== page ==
Widespread use of the franchise tag is the biggest reason for the lack of freely available top talent in unrestricted free agency. Twelve players (later reduced to 11) were designated their team’s franchise player, five more than last year. Eleven prospective free agents received the “non-exclusive” franchise tag, which requires teams to tender a player a one-year contract worth the greater of the average salary of the five highest-paid players at his position in 2007 or a 120 percent raise of his 2007 salary. A player who receives the non-exclusive tag can negotiate with other clubs, but his team has the right to match any offer and receives two first-round picks should it decline to match the financial package. Raiders CB Nnamdi Asomugha was the only prospective free agent to receive the “exclusive” franchise tag; he cannot negotiate with other clubs, but he will receive a one-year tender worth the greater of the average of the top five salaries at his position as of April 18, 2008, or the average of the top five cornerback salaries in ’07 or 120 percent of his ’07 salary.
The increased use of the franchise tag can be attributed to the same factors that will drive up prices at the beginning of free agency. Teams are better than ever at managing the salary cap; only a handful of teams — most notably the Redskins, which may explain their market stance — don’t have much spending room under the cap, which is $116 million, $7 million more than last season. The repeated rise of the salary cap, coupled with better cap management, has allowed teams to use the tag more frequently — and not just on their best players.
“There were non-starters that got the franchise tender this year,” Rams executive vice president of player personnel Billy Devaney said, likely referring to Bengals OT-OG Stacy Andrews and Packers DT Corey Williams, two relatively obscure players to the general public but ones who were likely to receive considerable interest on the open market. “That’s because the pool (of elite free agents) is so small this year. There’s going to be a small amount of players who are going to get ridiculous money, and people are going to say, ‘You’ve got to be kidding me.’ ”
The tag particularly affected the market for defensive players. Eight defenders — Chiefs DE Jared Allen, Asomugha, Cardinals LB Karlos Dansby, Cowboys S Ken Hamlin, Titans DT Albert Haynesworth, Ravens OLB-DE Terrell Suggs, Seahawks CB Marcus Trufant and Williams — were designated franchise players. Half as many offensive players were tagged: Andrews, Colts TE Dallas Clark, Panthers OT Jordan Gross and Eagles TE L.J. Smith.
One day after giving Clark the franchise tag, the Colts removed it and signed him to a six-year contract. Several key non-tagged free agents also reached deals before the start of free agency. Indianapolis signed OLG Ryan Lilja to a five-year contract; evaluators polled by PFW said he would have been one of the top interior linemen available. Another coveted lineman, Seahawks ORT Sean Locklear, also re-signed for five years. And the Browns kept RB Jamal Lewis in the fold with a three-year deal.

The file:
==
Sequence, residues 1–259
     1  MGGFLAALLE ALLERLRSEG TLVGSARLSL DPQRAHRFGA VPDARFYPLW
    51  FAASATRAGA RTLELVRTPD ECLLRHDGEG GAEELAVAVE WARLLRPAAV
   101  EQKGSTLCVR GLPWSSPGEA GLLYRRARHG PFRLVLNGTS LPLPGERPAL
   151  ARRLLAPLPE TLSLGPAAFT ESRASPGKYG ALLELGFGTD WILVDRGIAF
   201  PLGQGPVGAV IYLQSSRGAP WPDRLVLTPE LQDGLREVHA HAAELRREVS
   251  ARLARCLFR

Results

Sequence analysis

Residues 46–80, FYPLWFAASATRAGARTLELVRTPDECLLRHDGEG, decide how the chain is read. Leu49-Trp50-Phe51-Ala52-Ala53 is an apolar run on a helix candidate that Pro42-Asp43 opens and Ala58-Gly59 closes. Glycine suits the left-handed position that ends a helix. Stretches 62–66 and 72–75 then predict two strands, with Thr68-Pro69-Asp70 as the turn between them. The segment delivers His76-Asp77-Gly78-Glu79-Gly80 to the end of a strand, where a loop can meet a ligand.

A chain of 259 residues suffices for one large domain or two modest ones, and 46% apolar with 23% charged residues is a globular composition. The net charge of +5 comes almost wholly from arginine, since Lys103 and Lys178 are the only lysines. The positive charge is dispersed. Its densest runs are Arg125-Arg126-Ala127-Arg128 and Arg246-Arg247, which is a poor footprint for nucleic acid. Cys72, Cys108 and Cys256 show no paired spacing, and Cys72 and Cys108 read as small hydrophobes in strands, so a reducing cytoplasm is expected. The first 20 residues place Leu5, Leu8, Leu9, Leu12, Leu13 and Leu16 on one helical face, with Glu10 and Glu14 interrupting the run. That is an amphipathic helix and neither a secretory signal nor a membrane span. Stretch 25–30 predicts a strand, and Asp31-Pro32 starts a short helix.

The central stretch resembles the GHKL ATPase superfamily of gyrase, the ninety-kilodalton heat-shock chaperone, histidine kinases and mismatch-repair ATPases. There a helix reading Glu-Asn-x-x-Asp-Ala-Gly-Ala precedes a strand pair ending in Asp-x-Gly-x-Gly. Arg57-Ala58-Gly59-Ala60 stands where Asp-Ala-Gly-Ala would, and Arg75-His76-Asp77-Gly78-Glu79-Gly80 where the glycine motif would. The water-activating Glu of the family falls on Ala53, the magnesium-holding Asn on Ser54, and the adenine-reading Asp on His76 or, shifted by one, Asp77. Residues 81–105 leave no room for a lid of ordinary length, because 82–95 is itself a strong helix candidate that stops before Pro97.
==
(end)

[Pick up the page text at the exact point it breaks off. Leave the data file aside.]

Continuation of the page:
With so much of their competition either off the market or saddled with the non-exclusive franchise tag, the top unrestricted free agents will have no shortage of suitors. A pair of Patriots — WR Randy Moss and CB Asante Samuel — are among the most highly desired free agents. Cowboys OLT Flozell Adams, Bears LB Lance *Briggs, Steelers OLG Alan Faneca, Chargers RB Michael Turner and Bengals DE Justin Smith will also draw significant interest.
Of that group, only Moss is expected to re-sign with his current club, meaning the first days of free agency won’t be lacking for intrigue — or contracts worth tens of millions of dollars.
The ever-rising cost of adding veteran talent makes building a team predominantly through free agency an almost impossible task, given the hefty price the best free agents command.
“It comes back to what you do in the draft, because that’s where you get the bang for the buck,” 49ers general manager Scot McCloughan said. “If you draft guys in the third and fourth round and get them locked in for three- or four-year deals, the amount of money you spend on them is much less than in free agency.
“In free agency, you always overspend.”
Teams looking to restricted free agency probably won’t find much cost relief, either. If the Browns can’t sign QB Derek Anderson to a *multiyear contract before the start of free agency, they will give him the highest tender, which would require a club that wanted to lure Anderson to surrender first- and third-round draft picks if Cleveland didn’t match the offer sheet. Cowboys RB Marion Barber, one of the league’s most punishing runners, is a similar case.
That’s life under the current Collective Bargaining Agreement, but the future of the CBA is uncertain, with owners expected to terminate the final two years of the agreement this November. NFLPA executive director Gene Upshaw has said his membership will not take a smaller share of revenues than it did in the latest agreement, ratified in March 2006 after the owners agreed to a take-it-or-leave-it offer from the union. Should the owners vote to shorten the agreement later this year, the ’09 season would be the last covered by a salary cap.
Labor unrest may be on the horizon, but none of the executives who spoke publicly about the CBA at the Scouting Combine said they were going to drastically alter their preparation for this offseason.
“We’ve been, for some time now, talking about it, planning for it,” Packers general manager Ted Thompson said. “But it will be uncharted water, as well, so we’ll all learn as we go along.”
Judging from the ample cash available to teams and the short list of difference-making free agents, NFL teams have learned how to cope with free agency. But no matter how well teams plan ahead, no matter the risk of spending significant money on a veteran who may not perform as hoped, the big-ticket signings early in the signing period are always going to be a hallmark of free agency, Titans executive vice president/general manager Mike Reinfeldt said.
“I think every year is going to be the same,” he said. “There’s always horror stories — ‘This guy, we paid him all this money. What happened?’ … That being said, what happens every year is people have great needs, they’re in tough spots, and they jump in and do it. That’s going to continue.”